President cautions govt against taking 'ordinance route'

  • HT Correspondent, None, New Delhi
  • Updated: Jan 20, 2015 08:48 IST

President Pranab Mukherjee on Monday cautioned the government against taking the “ordinance route” for normal legislations while stressing that “growing tendency” to disrupt Parliament could lead to “paralysing policy formation”.

The Narendra Modi government had opted for eight ordinances including those for raising the Foreign Direct Investment (FDI) limit in the insurance sector and e-auctioning of coal mines in as many months leading to the President even seeking explanation from the government on urgency for some of these Ordinance.

The President had given his assent to the Ordinance to bring changes in the land acquisition law after three senior ministers including Arun Jaitley has explained the reasons to him.

“To meet certain exigencies and under compelling circumstances, the framers of the Constitution deemed it necessary to confer limited legislative power upon the Executive by way of promulgation of Ordinances when the legislature is not in session and circumstances justified immediate legislation,” President Mukherjee said in his new year address to higher education and research institutions on the topic “Parliament and Policy-making”.

Seeing his resistance, the government has decided not to bring any more Ordinance before the budget session, which would witness a slew of reform oriented legislations.

His caution to the government came amid talks of the government planning to convene a joint session of Parliament to pass legislations in view of the deadlock it had faced in the Rajya Sabha, where the opposition has the majority.

Mukherjee said that the passage of legislations "is not practicable because I have seen from 1952 till today only four times laws were passed by joint session".

He also referred to the supremacy of regional parties in states affecting the strength of national parties in the Rajya Sabha and said: "Therefore, their (Rajya Sabha) consent is required to avert extreme cases through the joint session, which is a Constitutional provision but it is not practicable because I have seen from 1952 till today, only four times laws were passed by Joint Session."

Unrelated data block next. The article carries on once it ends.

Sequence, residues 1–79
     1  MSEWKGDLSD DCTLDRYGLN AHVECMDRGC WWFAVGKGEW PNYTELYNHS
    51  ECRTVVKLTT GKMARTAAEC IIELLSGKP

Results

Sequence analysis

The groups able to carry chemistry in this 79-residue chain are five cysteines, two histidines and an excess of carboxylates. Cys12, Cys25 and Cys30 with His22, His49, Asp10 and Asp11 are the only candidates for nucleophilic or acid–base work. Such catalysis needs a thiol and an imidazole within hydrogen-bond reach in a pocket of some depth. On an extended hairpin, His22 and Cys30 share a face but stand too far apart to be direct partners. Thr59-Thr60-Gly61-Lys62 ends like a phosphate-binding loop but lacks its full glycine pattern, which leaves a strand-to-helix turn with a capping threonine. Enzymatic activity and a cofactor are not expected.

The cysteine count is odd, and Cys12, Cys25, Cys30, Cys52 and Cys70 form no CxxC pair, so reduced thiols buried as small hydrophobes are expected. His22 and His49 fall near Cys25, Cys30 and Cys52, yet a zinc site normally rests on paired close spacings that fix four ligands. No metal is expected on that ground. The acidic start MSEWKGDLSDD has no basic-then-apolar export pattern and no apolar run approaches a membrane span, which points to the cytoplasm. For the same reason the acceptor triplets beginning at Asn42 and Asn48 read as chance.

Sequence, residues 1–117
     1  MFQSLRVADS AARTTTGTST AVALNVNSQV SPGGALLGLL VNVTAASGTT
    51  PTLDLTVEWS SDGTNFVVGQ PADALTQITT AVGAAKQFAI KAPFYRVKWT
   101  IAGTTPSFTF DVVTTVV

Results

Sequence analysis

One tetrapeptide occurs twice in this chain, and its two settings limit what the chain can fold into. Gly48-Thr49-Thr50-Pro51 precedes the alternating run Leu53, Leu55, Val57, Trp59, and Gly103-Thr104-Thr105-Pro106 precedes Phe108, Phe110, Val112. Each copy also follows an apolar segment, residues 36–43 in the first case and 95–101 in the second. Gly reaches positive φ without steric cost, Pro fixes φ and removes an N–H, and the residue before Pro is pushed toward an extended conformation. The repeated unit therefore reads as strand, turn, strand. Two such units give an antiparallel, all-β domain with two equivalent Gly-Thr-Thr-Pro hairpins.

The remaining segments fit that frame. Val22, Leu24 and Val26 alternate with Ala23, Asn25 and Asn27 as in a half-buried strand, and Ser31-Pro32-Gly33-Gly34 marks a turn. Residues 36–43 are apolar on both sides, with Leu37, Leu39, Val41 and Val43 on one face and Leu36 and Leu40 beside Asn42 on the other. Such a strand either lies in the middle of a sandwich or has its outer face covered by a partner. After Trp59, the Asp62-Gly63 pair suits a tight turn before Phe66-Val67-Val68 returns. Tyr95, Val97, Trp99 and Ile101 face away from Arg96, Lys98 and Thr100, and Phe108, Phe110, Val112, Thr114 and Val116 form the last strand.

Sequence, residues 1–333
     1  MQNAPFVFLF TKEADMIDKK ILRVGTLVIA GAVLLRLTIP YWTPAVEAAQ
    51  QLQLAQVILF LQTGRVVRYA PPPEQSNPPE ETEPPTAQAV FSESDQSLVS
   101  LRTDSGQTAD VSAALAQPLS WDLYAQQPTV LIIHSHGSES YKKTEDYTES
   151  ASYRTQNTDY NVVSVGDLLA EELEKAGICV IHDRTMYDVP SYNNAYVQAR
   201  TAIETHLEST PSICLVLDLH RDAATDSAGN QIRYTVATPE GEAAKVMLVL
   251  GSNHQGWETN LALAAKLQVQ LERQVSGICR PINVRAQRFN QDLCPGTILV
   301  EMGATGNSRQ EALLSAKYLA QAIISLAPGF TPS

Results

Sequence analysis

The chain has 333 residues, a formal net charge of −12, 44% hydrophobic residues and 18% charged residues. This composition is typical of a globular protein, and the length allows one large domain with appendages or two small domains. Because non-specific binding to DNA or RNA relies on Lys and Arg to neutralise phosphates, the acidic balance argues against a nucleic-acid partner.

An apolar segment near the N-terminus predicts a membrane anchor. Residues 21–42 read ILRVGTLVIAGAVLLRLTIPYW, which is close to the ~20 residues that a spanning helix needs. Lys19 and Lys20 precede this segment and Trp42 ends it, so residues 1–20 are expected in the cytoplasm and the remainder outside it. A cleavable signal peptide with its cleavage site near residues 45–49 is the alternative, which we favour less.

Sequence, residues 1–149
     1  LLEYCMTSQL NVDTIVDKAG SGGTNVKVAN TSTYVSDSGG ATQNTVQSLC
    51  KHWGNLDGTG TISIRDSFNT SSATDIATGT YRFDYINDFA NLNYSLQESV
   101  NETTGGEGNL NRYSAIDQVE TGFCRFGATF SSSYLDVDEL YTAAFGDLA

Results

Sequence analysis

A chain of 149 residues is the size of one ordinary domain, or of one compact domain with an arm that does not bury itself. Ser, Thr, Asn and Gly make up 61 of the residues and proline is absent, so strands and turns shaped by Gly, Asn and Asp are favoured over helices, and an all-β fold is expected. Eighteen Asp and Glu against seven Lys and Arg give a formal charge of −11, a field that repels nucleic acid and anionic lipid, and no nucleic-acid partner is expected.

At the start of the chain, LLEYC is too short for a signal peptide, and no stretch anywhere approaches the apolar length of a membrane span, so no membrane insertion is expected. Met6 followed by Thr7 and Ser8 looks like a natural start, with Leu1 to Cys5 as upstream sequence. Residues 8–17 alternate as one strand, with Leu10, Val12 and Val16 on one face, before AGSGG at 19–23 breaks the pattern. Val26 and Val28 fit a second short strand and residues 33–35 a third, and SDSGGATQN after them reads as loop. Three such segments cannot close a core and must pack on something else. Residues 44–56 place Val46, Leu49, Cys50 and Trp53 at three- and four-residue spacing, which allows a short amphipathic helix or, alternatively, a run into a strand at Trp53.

At the same time, the President also expressed his concern at the increasing disruptions of Parliament leading to wastage of resources and time.

“The cardinal principle of parliamentary democracy is that the majority has the mandate to rule while the opposition has the right to oppose, expose, and if the numbers permit, to depose. But, under no circumstances should there be disruption of the proceedings. A noisy minority cannot be allowed to gag a patient majority,” the President said.

In a reply to a question, the President emphasised that it was incumbent on the ruling party and opposition to sit together and find a workable solution to avoid disruptions.

He also hoped that the trend of reducing sittings of Parliament because of disruptions is reversed as he provided data on how the number of sittings have gone down in the last 15 years as compared to the first three Lok Sabhas. “…it is incumbent on the Members of the Parliament to discuss and undertake adequate scrutiny of all business transacted in the House,” he added.

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